LumberJocks

Wall of Cabinets including Gun Cabinet Center

  • Advertise with us
Project by mosin posted 02-02-2018 12:06 PM 912 views 1 time favorited 14 comments Add to Favorites Watch

I needed to increase the storage in our office bedroom.
Instead of trying to find a ready solution I decided to try and build something.
This was my first large project, and it turned out pretty good.

I actually used high quality maple plywood for the construction and maple for door frames. (is plywood frowned upon?)





14 comments so far

View Hazem's profile

Hazem

151 posts in 1245 days


#1 posted 02-02-2018 04:27 PM

Mosin, this is your FIRST big project? Wow, amazing job. Looks great.

Plywood is not frowned upon. It makes sense to use it for the body of the cabinet. It would cost a fortune to build the whole thing out of solid wood. Plus, plywood is more stable than solid wood (does not shrink and expand as much).

View mosin's profile

mosin

27 posts in 110 days


#2 posted 02-02-2018 04:39 PM


Mosin, this is your FIRST big project? Wow, amazing job. Looks great.

Plywood is not frowned upon. It makes sense to use it for the body of the cabinet. It would cost a fortune to build the whole thing out of solid wood. Plus, plywood is more stable than solid wood (does not shrink and expand as much).

- Hazem

Thank you. Yes, I know it was ambitious, but go big or go home, right? ;) it was my third woodworking project overall. I showed it on my Youtube channel and one of the viewers recommended I stop by here and post it. It was built right there in the room but I made sure the top sections can separate from the bottom so I can move it when we do move.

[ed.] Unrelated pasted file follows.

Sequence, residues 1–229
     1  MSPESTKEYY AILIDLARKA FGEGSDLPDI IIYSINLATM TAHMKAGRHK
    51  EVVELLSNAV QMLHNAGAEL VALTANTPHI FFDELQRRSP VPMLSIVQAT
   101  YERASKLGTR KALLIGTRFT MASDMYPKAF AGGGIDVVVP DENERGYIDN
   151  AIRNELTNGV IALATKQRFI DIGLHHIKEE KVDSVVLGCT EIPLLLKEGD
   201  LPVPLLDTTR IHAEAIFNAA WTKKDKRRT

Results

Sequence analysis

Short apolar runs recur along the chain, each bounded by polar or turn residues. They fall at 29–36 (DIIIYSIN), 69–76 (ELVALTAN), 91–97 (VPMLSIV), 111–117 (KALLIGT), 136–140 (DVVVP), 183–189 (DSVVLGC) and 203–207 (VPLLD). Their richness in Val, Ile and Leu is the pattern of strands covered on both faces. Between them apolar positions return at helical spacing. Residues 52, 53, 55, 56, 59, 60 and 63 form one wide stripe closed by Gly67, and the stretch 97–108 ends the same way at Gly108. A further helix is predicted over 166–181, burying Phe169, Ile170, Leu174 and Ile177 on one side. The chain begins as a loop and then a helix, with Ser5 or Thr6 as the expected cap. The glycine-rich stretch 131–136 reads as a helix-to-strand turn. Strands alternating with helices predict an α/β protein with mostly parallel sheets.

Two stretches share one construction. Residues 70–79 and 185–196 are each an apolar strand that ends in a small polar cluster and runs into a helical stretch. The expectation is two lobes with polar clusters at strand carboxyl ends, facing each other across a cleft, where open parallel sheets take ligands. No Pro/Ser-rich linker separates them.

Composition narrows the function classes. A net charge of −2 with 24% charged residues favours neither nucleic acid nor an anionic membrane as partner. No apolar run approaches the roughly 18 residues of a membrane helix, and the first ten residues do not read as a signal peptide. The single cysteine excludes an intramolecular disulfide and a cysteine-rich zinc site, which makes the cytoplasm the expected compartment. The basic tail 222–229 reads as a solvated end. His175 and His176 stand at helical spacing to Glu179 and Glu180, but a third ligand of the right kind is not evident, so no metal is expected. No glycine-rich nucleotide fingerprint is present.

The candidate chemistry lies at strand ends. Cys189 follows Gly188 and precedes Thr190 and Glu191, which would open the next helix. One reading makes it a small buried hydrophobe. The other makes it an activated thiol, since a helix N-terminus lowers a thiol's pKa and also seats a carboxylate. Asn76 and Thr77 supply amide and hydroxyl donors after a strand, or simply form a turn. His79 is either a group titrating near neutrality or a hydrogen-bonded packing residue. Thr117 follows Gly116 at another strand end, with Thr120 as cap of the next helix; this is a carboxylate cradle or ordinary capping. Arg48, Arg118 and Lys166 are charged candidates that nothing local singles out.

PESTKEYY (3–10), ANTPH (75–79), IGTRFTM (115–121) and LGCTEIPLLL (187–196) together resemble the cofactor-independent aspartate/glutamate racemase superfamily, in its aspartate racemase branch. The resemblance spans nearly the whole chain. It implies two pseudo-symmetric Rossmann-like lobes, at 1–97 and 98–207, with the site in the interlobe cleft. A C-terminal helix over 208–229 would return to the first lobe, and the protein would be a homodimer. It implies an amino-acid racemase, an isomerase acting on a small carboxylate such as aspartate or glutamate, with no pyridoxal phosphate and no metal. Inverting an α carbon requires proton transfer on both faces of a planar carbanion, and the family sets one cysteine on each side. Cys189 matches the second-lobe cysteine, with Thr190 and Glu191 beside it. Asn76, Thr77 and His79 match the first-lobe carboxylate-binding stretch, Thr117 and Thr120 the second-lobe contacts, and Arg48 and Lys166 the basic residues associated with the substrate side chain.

Before this I built a little work cabinet for myself. Not having a shop really makes it difficult to work on big stuff. ;)

I will probably post that little cabinet project too (that design is different from the cabinets in this project), and I think I have pictures of the Carved Dog Bowl Stand at work so I will post that one later today.

Igor.

View pottz's profile

pottz

2597 posts in 981 days


#3 posted 02-02-2018 05:55 PM

new huh!thats pretty damn impressive work for a newbie,i cant wait too see what youll be doing in a few years.fantastic job,glad too have you here.

-- sawdust the bigger the pile the bigger my smile-larry,so cal.

View gargey's profile

gargey

979 posts in 772 days


#4 posted 02-02-2018 06:14 PM

wow

View mosin's profile

mosin

27 posts in 110 days


#5 posted 02-02-2018 07:56 PM


new huh!thats pretty damn impressive work for a newbie,i cant wait too see what youll be doing in a few years.fantastic job,glad too have you here.

- pottz

I actually learned quite a bit during the first cabinet/workbench project, and bought some tools (Kreg pocket hole system) and a tiny router table to attach my router to. Also a compressor and a nail gun…

Then, having all that stuff I figured why not solve the other problem (storage). Discovered Google Sketchup and planned it all in that using exact dimensions I needed